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Myths About Depression: Seven Common Misunderstandings

Distressed man needing depression counsellingWith depression never straying far from the media eye, whether in a popular television series, a national celebrity or on the daily news, it is easy to believe the misconceptions surrounding depression and mental illness. This brief article outlines some of the myths: it explains where they come from, the truth behind them and how thinking about depression in a different way can provide a more effective basis for depression treatment.

Myth 1: Depression is just a medical disease.

This is simply not true. Although modern science furthers our understanding of many types of illness, depression is very different from a medical condition and so requires different treatment to say, asthma or diabetes. It is helpful to understand depression as a combination of factors including those that are social, biological and psychological. Treatments that rely solely on medication alone often fail; much more support is needed.

Myth 2: Depression is not real medical illness.

Despite what we have stated above, depression should be regarded in medical terms, since it can effect the body as well as thoughts and mood. Like a medical illness, depression can have both biological and genetic causes. The key to the treatment of depression is to treat it with flexibility and understanding, and thus to view depression as a medical illness, but not wholly so.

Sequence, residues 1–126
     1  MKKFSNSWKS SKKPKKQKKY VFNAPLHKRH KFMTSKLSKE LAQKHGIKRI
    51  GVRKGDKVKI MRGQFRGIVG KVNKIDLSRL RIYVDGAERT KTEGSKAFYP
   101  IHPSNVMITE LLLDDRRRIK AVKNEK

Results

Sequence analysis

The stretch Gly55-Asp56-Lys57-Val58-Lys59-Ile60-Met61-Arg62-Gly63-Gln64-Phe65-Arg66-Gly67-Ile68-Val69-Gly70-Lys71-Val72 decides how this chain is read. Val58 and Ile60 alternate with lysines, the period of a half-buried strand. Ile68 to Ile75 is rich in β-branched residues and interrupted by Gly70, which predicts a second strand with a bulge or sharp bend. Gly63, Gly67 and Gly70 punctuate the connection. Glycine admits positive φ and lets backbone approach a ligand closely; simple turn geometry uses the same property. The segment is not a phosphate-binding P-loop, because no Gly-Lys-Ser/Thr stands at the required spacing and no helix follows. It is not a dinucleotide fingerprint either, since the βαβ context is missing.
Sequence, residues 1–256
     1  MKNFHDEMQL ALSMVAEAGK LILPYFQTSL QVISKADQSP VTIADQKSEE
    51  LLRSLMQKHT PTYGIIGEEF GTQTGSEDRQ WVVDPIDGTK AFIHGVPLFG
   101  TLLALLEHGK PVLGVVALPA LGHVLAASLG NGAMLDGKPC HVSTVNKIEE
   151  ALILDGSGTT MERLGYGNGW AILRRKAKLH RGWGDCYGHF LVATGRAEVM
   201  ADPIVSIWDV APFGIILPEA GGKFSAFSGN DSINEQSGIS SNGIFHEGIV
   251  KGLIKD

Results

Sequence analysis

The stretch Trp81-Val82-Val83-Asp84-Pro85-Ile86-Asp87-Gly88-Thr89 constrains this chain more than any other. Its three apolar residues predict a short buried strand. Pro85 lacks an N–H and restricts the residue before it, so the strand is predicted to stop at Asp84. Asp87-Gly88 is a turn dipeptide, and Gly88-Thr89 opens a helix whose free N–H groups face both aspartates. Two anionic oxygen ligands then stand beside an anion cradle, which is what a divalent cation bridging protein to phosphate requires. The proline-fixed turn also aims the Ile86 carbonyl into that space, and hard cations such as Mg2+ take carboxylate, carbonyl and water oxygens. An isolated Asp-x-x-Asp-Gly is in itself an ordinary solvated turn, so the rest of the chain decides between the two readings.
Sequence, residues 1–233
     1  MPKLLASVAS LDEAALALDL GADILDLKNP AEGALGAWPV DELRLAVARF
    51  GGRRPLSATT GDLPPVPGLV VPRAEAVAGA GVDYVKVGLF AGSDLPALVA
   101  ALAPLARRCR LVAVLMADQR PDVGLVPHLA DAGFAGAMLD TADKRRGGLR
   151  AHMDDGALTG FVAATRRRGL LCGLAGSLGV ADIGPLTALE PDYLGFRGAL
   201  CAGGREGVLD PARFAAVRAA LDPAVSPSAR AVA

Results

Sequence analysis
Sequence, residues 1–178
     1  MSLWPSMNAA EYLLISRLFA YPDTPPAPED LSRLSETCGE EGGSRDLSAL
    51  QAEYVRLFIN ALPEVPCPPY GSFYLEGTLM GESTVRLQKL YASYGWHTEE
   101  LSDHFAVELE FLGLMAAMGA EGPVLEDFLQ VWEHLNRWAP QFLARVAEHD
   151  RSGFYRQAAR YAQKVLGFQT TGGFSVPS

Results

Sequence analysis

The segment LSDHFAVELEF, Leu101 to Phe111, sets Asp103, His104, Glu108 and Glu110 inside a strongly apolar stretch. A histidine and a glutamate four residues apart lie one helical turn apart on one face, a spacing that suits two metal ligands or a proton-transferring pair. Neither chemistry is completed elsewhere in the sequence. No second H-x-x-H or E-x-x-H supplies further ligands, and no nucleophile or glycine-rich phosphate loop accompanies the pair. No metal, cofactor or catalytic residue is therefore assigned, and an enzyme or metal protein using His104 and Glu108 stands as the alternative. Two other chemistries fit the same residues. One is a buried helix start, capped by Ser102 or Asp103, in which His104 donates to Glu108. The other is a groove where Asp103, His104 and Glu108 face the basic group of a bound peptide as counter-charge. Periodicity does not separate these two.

Myth 3: Depression is a normal part of life.

Depression is simply not just feeling down in the dumps. People who have depression are also not just suffering from a short term spell of ‘the blues’, instead depression can last a lifetime and has a much deeper effect than just feeling upset for a while.

Myth 4: Someone with depression is just feeling sorry for themselves.

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This is just not true. Many great people of our time, such as Churchill, Darwin and Florence Nightingale, are all cited to have had depression – not exactly people who had the disposition, or indeed the time, to sit around feeling sorry for themselves.

Myth 5: Nothing can be done about depression.

Unfortunately in today’s society, when we are always on the move, have somewhere to be and something to d,o we can often feel nothing can be done about depression. Indeed a great deal of the time we are simply not prepared to take the time to try and treat depression. The myth that nothing can be done about depression can be shown false by the statistic that around 80% of people with depressive disorders improve with treatment.

Myth 6: With enough willpower you can make depression go away.

It is true that a strong mental attitude can help with the treatment of depression. However simply willing depression away would do as much good as, for example, willing away diabetes. Depression is related to psychological, social and biological changes, and  seeking help is an act of strength not weakness.

Myth 7: Depression does not affect children or teenagers – this feeling is just part of growing up.

Unfortunately 1 in 33 children and 1 in 8 teenagers are estimated to be suffering with depression at any one time. This differs from changes in mood and body you would normally expect to see around puberty. Children and teenagers often find it harder to express their feelings as an adult can, so it is essential they can access appropriate psychological treatment and care.

There are several myths about depression, and this article has touched on a few of them. One thing to remember is that having depression does not mean you are crazy or weak, and that finding the courage to start treatment is perhaps the most positive step you will take on the road to recovery.

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Blog Topics: Depression

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